Delayed Gratification: The Power to Improve Your Finances


Over the years I’ve made more wrong financial decisions than I can count.  As I look back on these decisions there’s a common denominator that’s part of each of them.  Can you guess what it is?

It’s Me!  

There’s a saying I've used from time to time, “I’ve already made up my mind, don’t confuse me with the facts.”  Truthfully, when I’m in the heat of spending on the thing I want, the last thing I want to do is stop and rationalize the decision.  My desire is to HAVE it!  I don’t want to REASON my way to a decision, I just want the satisfaction of getting what I want.  

Can you relate?

Have you ever felt the rush of getting that thing you really wanted?  It feels good and it's gratifying.  Unfortunately, when spending damages your finances, the decision is always followed by guilt, shame or regret.  It can also have long-term negative consequences.  Being able to exercise delayed gratification in spending is an effective way to improve your finances.

Understanding Delayed Gratification

You may be familiar with The Marshmallow Experiment, a study on delayed gratification done by Stanford professor and psychologist, Walter Mischel, started in the 1960’s.  The study involved more than 600 children between 4 and 6 years of age.  

Children were individually taken into a room, void of distractions, and offered a marshmallow, which was placed in front of them.  The children could eat the marshmallow, but if they waited for fifteen minutes without giving into the temptation, they would be rewarded with a second marshmallow.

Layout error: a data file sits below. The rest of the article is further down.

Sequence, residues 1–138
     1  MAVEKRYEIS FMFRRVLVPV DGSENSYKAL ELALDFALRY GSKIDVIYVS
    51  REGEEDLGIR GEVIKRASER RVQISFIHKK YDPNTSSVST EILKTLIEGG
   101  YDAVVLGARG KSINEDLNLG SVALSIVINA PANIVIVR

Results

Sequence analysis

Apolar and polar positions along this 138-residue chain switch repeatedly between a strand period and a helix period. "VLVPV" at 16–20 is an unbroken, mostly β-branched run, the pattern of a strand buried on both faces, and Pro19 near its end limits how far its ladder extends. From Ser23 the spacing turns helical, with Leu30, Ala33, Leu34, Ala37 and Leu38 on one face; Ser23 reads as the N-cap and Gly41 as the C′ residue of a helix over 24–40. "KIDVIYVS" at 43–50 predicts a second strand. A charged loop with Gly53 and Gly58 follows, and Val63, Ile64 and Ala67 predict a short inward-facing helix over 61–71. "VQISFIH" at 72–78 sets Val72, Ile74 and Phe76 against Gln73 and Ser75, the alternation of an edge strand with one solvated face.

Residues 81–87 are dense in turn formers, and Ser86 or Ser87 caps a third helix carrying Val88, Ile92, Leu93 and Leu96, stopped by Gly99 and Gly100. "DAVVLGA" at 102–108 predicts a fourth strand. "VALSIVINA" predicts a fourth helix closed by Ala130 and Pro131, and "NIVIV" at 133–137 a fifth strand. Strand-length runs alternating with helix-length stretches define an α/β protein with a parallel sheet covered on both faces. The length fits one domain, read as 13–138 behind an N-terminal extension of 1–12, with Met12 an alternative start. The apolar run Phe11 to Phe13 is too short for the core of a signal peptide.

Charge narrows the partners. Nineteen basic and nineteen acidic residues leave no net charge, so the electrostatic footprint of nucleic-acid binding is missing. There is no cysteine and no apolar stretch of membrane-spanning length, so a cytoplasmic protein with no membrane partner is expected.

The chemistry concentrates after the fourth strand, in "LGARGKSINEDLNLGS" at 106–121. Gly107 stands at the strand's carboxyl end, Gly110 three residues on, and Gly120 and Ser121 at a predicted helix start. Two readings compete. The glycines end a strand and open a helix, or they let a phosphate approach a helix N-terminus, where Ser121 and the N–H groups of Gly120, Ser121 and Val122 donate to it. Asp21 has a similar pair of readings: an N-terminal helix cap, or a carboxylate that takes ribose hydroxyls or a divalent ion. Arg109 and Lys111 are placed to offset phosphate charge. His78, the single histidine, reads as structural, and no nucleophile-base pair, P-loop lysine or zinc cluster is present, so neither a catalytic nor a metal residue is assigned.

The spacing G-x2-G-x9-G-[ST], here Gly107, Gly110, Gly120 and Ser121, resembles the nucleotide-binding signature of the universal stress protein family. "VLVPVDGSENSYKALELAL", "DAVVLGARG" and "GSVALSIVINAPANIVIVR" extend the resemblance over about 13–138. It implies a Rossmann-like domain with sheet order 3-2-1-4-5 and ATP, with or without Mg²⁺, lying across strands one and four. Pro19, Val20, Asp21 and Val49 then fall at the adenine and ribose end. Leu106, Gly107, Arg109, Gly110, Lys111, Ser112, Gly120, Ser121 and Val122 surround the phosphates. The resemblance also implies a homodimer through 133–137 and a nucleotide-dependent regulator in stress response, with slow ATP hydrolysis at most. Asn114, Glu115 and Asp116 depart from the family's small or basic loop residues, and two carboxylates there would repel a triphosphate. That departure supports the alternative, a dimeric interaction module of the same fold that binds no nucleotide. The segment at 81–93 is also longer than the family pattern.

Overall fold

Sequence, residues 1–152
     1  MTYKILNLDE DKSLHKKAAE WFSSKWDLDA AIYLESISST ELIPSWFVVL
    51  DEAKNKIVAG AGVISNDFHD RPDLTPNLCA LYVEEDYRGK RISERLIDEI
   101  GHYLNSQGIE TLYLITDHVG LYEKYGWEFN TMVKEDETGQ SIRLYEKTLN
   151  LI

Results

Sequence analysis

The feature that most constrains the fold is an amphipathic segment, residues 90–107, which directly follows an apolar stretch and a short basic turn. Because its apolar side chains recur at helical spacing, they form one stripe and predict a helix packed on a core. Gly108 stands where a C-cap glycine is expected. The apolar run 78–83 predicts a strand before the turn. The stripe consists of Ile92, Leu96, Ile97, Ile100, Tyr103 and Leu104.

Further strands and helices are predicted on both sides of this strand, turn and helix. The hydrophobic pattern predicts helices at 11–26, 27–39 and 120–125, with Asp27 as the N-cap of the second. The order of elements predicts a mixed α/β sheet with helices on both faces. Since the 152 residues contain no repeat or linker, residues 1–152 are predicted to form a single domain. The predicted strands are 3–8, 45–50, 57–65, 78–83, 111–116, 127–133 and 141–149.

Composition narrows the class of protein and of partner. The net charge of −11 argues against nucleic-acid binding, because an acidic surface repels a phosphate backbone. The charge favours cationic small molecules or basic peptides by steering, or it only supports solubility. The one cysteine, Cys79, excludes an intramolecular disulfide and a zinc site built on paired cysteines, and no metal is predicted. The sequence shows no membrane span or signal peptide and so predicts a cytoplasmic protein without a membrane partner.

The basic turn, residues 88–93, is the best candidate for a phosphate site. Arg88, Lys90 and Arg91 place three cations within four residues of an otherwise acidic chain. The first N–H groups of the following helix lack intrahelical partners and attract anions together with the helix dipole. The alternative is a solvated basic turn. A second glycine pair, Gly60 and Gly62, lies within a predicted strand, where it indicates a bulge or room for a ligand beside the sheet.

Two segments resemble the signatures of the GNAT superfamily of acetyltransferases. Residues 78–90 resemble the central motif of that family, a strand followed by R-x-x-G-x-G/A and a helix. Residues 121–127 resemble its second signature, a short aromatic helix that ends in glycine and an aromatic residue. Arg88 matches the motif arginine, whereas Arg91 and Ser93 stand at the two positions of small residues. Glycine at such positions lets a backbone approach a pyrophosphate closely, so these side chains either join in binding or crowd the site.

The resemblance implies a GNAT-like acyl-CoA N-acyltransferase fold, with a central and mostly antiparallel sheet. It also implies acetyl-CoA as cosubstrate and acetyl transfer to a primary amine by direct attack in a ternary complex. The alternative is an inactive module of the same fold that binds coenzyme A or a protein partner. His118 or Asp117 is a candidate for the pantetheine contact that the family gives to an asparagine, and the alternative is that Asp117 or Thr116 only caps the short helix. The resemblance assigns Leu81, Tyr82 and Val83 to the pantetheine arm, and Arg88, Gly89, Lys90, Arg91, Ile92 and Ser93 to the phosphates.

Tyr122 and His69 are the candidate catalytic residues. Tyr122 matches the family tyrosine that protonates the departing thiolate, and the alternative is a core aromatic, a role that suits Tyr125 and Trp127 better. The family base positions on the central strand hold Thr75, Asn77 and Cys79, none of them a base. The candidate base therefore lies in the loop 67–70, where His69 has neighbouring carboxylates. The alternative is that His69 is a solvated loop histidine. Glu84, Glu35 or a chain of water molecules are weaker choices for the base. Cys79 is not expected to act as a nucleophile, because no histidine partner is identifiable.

A small number gave in and ate the marshmallow immediately.  Of those who tried to delay, only one third deferred gratification long enough to get the second marshmallow. 

Several subsequent studies of these individuals over the next 40 years proved that those who delayed gratification enjoy numerous advantages.  They were more educated, had a greater sense of self-worth, were able to manage stress better, and were less prone to addicted behavior.

This study and several like it, prove that our ability to delay gratification and exercise self-control has a significant impact on our lives.  Whether you’re trying to lose weight, overcome a bad habit, or get your finances in better shape, being able to exercise self-control is directly connected to your success.  The ability to overcome the temptation to spend in a moment when your desire is peaked is a crucial part of achieving financial success.

5 Steps To  Improving Your Finances Through Delayed Gratification

1. Identify Your Values

When you know your values, it’s easier to exercise delayed gratification because you’re not just saying “no” to something you want, you’re saying “yes" to something of greater value.  You become the protector and defender of those things that are of most value to you and your family.

2. Set Clearly Defined Goals.

Know what you want to achieve.  Write down your goals and you're 42% more likely to achieve them.  When what you want is clearly understood, you’ll be empowered to delay the momentary gratification of buying something in exchange for the benefits of reaching your goals.

3. Create a Plan

The simplest way to overcome the temptation to spend on the wrong things is to let the financial plan guide your spending.  A budget will help you make decisions that are in line with your values and your financial goals.

4. Prioritize Your Spending

There will always be a limited amount of resources and unlimited opportunities to spend those resources.  By prioritizing your spending you’ll avoid unwise and impulsive spending, and make the best use of the resources you have.   

5. Reward Yourself

Delayed gratification doesn’t mean you don't spend money.  It means you delay spending it on something now so you can enjoy spending it on something better later.  Life is meant to be enjoyed.  Don’t delay gratification indefinitely.  Make sure to include rewards for yourself and spend some of it on fun stuff.

What ways have you been able to delay gratification to improve your finances or your life?